On-site pharmacists in the ED improve medical errors. Academic Article uri icon


  • The objective of the study was to compare errors in the emergency department (ED) with pharmacists present (PPs) for resuscitations and traumas vs with pharmacists absent (PAs). Our hypothesis was that errors would be significantly fewer during PP than PA times. We also hypothesized that times with PP would affect patients greater when disposition was to more critical areas (intensive care unit, or ICUs).The study was conducted during a 3-month period in 2009 in a level 1 trauma center with an emergency medicine residency. This was a cross-sectional cohort study comparing a prospective analysis of patients during the time (10 hour/day) with PP and a retrospective review of the time on the same days (14 hours/day) with PA. Demographics of age, race, and sex were recorded. Patient disposition was either ICU, operating room, non-ICU wards, observation unit, or discharge. Main outcome was errors recorded including medications given but not ordered, medication ordered but not given, and time delays for medications. For demographics and prevalence, descriptive statistics and percentages were used. Percent differences and 95% confidence intervals (CIs) and χ2 were derived. Logistic regression used predictor variables of age, race, sex, disposition, and presence or absence of pharmacists. An a priori power analysis was performed. The study was powered at 80% with 186 subjects per group (PP vs PA), to find a difference of 20% between the 2 groups in percent of medical errors.There were 694 patients included in the 3-month period. A total of 242 presented during PP times and 452 during PA times. There were 383 (55%) male, 301 (43%) female, and 10 (2%) unknown sex. Mean age was 45±18 years in PP group and 48±20 years in PA group (P, nonsignificant). There was no difference in ethnicity between groups. There were 6 (3%) patients with errors recorded during PP times and 137 (30%) with errors recorded during PA times (difference, 27%; 95% CI, 23-32). Controlling for age, race, sex, and disposition, medical errors were 13.5 times more likely during PA than during PP times (adjusted odds ratio, 13.5; 95% CI, 5.7-31.9).With pharmacists absent, over 13 times more errors are recorded in our ED than with pharmacists present. An on-site pharmacist in the ED may be helpful in reducing medical errors.Copyright © 2012 Elsevier Inc. All rights reserved.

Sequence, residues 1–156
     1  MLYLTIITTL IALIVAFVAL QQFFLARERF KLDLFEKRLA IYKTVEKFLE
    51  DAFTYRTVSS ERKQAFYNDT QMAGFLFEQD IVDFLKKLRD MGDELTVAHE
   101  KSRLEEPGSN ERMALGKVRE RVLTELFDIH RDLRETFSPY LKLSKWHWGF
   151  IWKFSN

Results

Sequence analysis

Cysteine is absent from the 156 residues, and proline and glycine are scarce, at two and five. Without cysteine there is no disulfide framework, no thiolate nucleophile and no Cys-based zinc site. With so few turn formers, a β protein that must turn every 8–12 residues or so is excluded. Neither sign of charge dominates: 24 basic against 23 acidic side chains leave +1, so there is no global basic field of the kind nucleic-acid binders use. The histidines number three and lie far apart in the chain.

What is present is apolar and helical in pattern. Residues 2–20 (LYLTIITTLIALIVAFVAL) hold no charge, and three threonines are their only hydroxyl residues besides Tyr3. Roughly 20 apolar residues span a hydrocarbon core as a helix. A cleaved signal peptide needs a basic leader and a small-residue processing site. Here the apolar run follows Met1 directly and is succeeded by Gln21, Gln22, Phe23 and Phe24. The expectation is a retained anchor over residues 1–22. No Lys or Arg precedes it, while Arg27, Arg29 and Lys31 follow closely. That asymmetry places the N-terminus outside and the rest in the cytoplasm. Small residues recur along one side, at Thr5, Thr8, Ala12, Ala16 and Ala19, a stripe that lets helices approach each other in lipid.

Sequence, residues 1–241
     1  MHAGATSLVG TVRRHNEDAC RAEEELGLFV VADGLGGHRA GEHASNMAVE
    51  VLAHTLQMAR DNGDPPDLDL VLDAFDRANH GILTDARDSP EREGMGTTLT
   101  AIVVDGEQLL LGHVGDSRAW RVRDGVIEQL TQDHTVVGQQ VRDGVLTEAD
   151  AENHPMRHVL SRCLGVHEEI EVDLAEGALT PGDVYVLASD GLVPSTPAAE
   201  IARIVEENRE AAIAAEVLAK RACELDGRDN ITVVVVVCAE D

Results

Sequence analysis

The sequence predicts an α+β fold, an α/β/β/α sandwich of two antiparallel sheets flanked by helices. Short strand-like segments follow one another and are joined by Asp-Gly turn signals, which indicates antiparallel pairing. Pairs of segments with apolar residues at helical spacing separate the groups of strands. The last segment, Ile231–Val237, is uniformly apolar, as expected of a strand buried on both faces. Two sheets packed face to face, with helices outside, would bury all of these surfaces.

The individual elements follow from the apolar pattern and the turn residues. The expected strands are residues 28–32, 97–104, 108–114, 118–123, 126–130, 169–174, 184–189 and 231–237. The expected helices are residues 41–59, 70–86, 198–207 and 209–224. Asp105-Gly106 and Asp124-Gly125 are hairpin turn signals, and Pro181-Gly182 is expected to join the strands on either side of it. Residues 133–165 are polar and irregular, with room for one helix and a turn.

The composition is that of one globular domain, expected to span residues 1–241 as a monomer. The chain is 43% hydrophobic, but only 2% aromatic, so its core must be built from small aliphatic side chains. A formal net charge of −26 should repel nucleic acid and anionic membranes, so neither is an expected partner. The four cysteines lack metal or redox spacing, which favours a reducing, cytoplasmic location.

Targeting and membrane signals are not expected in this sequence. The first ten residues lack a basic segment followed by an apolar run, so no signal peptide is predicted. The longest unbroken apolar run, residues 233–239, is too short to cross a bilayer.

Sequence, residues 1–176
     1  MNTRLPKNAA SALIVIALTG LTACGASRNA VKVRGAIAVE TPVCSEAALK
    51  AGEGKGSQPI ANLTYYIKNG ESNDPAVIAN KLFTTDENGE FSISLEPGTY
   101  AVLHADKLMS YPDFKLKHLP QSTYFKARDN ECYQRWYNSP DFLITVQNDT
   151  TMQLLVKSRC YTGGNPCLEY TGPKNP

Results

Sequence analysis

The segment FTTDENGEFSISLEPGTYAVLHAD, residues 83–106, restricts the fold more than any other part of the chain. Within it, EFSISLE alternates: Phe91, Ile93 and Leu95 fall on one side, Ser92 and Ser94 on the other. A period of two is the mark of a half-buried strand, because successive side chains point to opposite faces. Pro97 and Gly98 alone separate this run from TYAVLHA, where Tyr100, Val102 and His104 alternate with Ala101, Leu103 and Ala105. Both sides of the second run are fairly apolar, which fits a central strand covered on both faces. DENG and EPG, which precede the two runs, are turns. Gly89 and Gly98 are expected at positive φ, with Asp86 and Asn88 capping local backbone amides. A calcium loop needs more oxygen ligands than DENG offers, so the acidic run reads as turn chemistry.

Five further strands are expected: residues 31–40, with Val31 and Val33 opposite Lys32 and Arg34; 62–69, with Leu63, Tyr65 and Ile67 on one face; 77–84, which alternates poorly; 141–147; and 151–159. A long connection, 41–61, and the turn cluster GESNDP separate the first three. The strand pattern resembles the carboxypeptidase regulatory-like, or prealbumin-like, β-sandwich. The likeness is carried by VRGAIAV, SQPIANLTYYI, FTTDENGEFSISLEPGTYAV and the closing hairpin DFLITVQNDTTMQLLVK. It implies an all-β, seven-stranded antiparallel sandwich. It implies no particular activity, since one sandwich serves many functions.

publication date

  • June 2012